Who would think I required instructions for an oven? After all, I have been cooking forever, or so it seems.
But apparently a lesson on our new kitchen range proved necessary.
Backtracking…we purchased a new range about a month ago. Nowadays I rarely use a traditional oven. My microwave includes a convection bake and roast feature, and I have become a fan of the convection cooking process. Also the microwave is smaller than the oven. We are a two person household and do not need a huge oven.
Ovens are useful when others join the party. A couple of weeks ago I cooked dinner for 10 people. Nothing fancy, roast chicken.
I had never used my new oven, but was unconcerned. I have owned and operated ovens throughout my adult life. They are not difficult, complex machines. Controls are well marked and understandable.
I checked the chicken while cooking, gradually growing anxious. The birds barely cooked, stubbornly remaining tough when pierced and refusing to turn golden brown…
Dinnertime rolled around and passed, everyone hungry, especially the kids. Bedtime neared…
We ate a meal course-by-course, salad, bread, then veggies. Increasing the oven temperature helped, but obviously my shiny new appliance was flawed.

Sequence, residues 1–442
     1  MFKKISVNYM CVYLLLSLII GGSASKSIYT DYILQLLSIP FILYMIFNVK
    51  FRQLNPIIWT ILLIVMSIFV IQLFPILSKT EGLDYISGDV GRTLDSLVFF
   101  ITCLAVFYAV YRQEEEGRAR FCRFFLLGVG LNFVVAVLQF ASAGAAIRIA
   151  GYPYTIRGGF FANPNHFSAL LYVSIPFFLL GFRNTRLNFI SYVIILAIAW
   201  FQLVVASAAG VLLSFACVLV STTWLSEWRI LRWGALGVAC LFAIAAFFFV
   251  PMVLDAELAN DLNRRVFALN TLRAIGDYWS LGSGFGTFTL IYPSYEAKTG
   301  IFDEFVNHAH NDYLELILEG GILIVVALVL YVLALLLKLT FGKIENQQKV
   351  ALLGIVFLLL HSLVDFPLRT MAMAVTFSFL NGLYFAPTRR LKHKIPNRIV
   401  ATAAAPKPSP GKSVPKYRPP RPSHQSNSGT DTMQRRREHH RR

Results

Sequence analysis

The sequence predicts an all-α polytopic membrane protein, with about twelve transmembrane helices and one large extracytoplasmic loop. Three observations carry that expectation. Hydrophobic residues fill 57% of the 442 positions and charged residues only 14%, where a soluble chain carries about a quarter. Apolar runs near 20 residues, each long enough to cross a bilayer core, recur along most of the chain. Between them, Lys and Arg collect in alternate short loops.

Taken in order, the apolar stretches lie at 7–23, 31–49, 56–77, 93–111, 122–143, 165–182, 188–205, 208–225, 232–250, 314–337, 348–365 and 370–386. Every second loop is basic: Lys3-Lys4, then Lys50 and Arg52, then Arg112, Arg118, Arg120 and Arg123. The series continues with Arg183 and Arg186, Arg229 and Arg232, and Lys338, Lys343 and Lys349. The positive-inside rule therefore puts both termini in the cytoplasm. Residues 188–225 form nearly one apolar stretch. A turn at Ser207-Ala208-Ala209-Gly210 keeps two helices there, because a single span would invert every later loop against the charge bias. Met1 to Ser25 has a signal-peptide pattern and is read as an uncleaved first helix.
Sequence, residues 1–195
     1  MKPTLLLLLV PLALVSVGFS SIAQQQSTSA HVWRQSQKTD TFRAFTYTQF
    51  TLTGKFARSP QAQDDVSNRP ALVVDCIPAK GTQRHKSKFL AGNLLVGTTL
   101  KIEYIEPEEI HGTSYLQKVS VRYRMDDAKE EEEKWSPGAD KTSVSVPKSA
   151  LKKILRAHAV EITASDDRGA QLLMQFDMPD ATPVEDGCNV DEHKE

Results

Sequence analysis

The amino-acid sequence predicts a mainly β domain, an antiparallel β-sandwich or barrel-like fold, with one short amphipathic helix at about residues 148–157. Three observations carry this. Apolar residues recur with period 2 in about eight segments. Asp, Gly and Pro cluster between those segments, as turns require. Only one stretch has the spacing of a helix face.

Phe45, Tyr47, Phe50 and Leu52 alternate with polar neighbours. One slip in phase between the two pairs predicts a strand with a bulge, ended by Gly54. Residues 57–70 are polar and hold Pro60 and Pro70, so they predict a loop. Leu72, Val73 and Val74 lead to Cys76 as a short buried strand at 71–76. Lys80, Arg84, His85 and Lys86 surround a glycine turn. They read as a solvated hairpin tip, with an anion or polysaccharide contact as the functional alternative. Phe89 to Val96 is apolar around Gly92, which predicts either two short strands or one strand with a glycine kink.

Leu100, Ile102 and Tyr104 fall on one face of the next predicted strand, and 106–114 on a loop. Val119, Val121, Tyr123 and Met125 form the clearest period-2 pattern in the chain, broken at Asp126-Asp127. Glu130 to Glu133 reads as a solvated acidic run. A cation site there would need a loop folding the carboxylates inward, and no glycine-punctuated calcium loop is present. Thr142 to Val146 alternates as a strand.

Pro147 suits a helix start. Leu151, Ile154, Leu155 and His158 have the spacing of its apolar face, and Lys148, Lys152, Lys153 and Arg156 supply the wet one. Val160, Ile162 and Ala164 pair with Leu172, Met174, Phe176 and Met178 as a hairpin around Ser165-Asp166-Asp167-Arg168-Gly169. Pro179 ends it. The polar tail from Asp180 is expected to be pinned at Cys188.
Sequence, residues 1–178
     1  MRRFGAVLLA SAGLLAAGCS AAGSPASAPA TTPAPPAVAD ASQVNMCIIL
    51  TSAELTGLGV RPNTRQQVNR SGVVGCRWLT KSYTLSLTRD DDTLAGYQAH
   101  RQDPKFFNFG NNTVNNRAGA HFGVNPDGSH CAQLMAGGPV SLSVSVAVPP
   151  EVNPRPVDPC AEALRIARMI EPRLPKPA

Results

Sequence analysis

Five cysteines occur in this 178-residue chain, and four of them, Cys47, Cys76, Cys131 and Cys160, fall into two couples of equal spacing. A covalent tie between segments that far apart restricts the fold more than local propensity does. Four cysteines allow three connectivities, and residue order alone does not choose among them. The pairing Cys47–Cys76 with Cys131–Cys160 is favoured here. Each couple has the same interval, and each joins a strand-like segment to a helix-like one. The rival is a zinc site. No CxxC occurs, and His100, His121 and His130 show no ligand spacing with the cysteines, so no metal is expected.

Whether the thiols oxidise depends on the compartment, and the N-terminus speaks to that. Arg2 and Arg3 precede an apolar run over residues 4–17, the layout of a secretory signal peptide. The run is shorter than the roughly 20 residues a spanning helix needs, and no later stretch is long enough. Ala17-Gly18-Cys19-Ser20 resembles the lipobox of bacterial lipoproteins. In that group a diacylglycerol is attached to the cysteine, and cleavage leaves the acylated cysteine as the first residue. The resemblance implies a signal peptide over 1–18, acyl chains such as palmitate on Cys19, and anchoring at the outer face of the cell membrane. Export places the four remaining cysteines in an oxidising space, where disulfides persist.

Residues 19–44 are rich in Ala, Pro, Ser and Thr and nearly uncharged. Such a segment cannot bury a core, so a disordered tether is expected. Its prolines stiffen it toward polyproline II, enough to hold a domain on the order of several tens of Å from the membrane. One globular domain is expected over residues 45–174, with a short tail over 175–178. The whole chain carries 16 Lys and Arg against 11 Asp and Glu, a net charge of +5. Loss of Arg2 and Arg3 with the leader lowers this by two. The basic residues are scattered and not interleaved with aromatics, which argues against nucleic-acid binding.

Eventually enough chicken baked for dinner.
The following day hub called the store where we purchased the oven and set a date for the repairman to come and check out our defective appliance.
The repairman drove up about 3:00 p.m. I guess working folk figure retirees have nothing better to do all day than wait for repair people. But on the positive side he did show up. Trusty repairman and hub huddled around the range.
A few minutes later hub calls me in for a consultation.
The repair guy says something like, “This temperature problem has been an issue with these hi-tech ovens. You are not the first to complain. The oven temperature can vary about 30 degrees above or below the set temperature. I reset it for a deviation of 20 high to compensate. But now you can plan your cooking. All this information is detailed on page eight in the manual. If this is not enough, you can modify the setting to 30 degrees; it requires some experimentation.”
I never read page eight of the manual. I never read pages one through seven, or any page after eight either.
I thought I knew how to use an oven.
Silly me. The latest technology overtook my limited knowledge, making oven information stored in my brain inadequate, unworthy of my new appliance.
My chickens took forever to bake because the temperature remained 30 degrees lower than the temperature set and the temperature indicated on the control panel. I told my family this was a very forgettable meal, but they corrected me. It will be a very memorable meal, they informed me, just not in the way I might like.
I flunked my first cooking assignment with my new appliance. My next assignment will be a repeat performance, hopefully more successful.
The problem: I have no plans in the near future to cook for 10 people. What would I do with all the extra food?
I may have to settle for cooking for two, or maybe four or five, inviting friends or freezing leftovers.
I do not want to flunk Oven 101 a second time.